So, Moniz is wrong: We don't need a hundred more plants like Southern's Kemper, we needs hundreds. But it isn't coal that's the important feature, it's carbon capture. That's why it's so important for Southern to get Kemper running, no matter what the cost. If the technology works as expected, the next step is to get another large-scale project on the drawing board. Number two should (cross your fingers) go more smoothly.

After Southern's delays and cost overruns, however, getting number two started might be more difficult than getting number one done. That will be a bigger problem for the environment than most people can imagine today. Southern is taking a giant leap of faith with taxpayer, ratepayer, and shareholder money. It isn't going well. However, we should all hope the utility eventually succeeds.

And natural gas is getting big fast...
Record oil and natural gas production is revolutionizing the United States' energy position. Finding the right plays while historic amounts of capital expenditures are flooding the industry will pad your investment nest egg. For this reason, the Motley Fool is offering a look at three energy companies using a small IRS "loophole" to help line investor pockets. Learn this strategy, and the energy companies taking advantage, in our special report "The IRS Is Daring You To Make This Energy Investment." Don't miss out on this timely opportunity; click here to access your report -- it's absolutely free. 


Read/Post Comments (1) | Recommend This Article (0)

Comments from our Foolish Readers

Help us keep this a respectfully Foolish area! This is a place for our readers to discuss, debate, and learn more about the Foolish investing topic you read about above. Help us keep it clean and safe. If you believe a comment is abusive or otherwise violates our Fool's Rules, please report it via the Report this Comment Report this Comment icon found on every comment.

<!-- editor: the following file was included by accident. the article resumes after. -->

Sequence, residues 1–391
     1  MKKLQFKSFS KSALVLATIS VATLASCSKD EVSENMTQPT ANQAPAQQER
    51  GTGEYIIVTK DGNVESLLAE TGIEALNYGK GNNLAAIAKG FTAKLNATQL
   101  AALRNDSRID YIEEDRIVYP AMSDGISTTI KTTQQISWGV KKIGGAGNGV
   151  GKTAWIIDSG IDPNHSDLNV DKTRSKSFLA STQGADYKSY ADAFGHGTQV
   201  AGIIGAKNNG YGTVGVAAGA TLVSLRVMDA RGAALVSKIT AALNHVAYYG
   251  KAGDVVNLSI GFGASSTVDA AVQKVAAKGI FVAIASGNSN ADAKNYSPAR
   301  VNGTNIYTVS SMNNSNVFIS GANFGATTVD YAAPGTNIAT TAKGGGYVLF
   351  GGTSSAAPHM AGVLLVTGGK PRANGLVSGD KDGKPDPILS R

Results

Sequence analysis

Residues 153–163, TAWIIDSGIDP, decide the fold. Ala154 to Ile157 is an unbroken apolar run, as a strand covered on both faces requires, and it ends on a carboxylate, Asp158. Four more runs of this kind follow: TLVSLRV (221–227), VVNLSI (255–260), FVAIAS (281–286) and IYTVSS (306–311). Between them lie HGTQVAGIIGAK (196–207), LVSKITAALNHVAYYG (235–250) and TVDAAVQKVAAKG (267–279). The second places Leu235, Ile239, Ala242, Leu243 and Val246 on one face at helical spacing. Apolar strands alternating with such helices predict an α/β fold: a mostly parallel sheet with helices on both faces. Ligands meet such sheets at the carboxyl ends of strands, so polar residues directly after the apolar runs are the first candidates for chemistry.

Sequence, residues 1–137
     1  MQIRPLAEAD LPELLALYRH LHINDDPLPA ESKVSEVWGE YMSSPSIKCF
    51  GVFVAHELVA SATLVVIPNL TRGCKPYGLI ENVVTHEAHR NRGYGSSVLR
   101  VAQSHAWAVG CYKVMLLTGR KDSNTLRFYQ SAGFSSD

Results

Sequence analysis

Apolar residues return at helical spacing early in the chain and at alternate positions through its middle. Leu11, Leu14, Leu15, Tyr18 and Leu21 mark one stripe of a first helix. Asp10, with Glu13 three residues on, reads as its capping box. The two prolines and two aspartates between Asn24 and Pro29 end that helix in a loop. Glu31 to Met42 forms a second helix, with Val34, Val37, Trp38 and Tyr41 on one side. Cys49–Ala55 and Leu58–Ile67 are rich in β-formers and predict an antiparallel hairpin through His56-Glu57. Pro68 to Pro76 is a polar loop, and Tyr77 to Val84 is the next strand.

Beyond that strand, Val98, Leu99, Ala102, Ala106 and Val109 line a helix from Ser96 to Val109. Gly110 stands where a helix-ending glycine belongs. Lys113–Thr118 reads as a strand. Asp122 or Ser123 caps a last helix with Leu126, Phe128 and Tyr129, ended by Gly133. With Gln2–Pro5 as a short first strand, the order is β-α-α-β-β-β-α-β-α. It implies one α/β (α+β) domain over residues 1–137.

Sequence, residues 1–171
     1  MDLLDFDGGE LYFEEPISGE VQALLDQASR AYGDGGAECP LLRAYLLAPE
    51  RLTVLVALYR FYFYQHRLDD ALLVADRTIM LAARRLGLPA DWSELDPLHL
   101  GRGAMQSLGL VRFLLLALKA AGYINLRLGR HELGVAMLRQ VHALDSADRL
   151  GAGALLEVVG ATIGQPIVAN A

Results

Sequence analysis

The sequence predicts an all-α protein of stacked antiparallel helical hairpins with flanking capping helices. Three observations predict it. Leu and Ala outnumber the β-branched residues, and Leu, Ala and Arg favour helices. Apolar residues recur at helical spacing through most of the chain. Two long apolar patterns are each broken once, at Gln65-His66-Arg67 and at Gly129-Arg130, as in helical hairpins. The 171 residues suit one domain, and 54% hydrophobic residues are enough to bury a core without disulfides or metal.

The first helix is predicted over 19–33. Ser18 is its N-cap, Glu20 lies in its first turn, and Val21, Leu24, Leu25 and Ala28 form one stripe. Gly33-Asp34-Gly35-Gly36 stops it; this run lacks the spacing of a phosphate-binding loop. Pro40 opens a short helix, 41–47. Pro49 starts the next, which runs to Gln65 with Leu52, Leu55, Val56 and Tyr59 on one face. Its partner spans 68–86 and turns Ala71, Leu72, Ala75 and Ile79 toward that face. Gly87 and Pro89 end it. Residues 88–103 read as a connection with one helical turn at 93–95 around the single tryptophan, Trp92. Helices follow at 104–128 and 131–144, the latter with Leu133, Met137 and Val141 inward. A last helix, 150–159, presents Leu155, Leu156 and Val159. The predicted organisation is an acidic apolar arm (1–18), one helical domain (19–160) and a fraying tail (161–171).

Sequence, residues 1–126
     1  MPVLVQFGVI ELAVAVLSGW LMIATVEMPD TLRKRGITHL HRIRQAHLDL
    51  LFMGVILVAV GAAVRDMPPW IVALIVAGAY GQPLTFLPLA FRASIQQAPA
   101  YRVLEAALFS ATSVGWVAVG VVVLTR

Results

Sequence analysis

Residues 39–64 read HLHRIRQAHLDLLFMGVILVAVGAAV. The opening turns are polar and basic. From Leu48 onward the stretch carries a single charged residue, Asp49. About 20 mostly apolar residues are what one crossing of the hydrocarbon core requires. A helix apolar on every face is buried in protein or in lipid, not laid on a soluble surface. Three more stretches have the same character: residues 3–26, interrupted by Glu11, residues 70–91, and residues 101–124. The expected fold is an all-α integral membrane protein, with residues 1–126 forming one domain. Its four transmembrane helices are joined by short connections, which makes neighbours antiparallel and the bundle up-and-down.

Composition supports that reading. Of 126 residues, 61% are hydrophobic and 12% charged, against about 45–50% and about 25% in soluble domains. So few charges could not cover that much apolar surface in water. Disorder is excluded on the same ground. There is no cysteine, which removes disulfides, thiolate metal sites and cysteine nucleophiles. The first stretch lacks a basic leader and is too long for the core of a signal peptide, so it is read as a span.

• Report this Comment On May 25, 2014, at 12:56 PM, speculawyer wrote:

    We should stop burning coal. We don't need it. With Solar PV, offshore wind, nuclear, geothermal, onshore wind, solar thermal, waves, tidal, natural gas, hydropower, etc. . . . we just don't coal.

Add your comment.

Sponsored Links

Leaked: Apple's Next Smart Device
(Warning, it may shock you)
The secret is out... experts are predicting 458 million of these types of devices will be sold per year. 1 hyper-growth company stands to rake in maximum profit - and it's NOT Apple. Show me Apple's new smart gizmo!

DocumentId: 2966052, ~/Articles/ArticleHandler.aspx, 12/20/2014 4:05:10 PM

Report This Comment

Use this area to report a comment that you believe is in violation of the community guidelines. Our team will review the entry and take any appropriate action.

Sending report...

Today's Market

updated 17 hours ago Sponsored by:
DOW 17,804.80 26.65 0.15%
S&P 500 2,070.65 9.42 0.46%
NASD 4,765.38 16.98 0.36%

Create My Watchlist

Go to My Watchlist

You don't seem to be following any stocks yet!

Better investing starts with a watchlist. Now you can create a personalized watchlist and get immediate access to the personalized information you need to make successful investing decisions.

Data delayed up to 5 minutes

Related Tickers

12/19/2014 4:10 PM
DUK $82.85 Down -0.16 -0.19%
Duke Energy Corp CAPS Rating: ****
SO $49.02 Up +0.02 +0.04%
Southern Company CAPS Rating: ****

Advertisement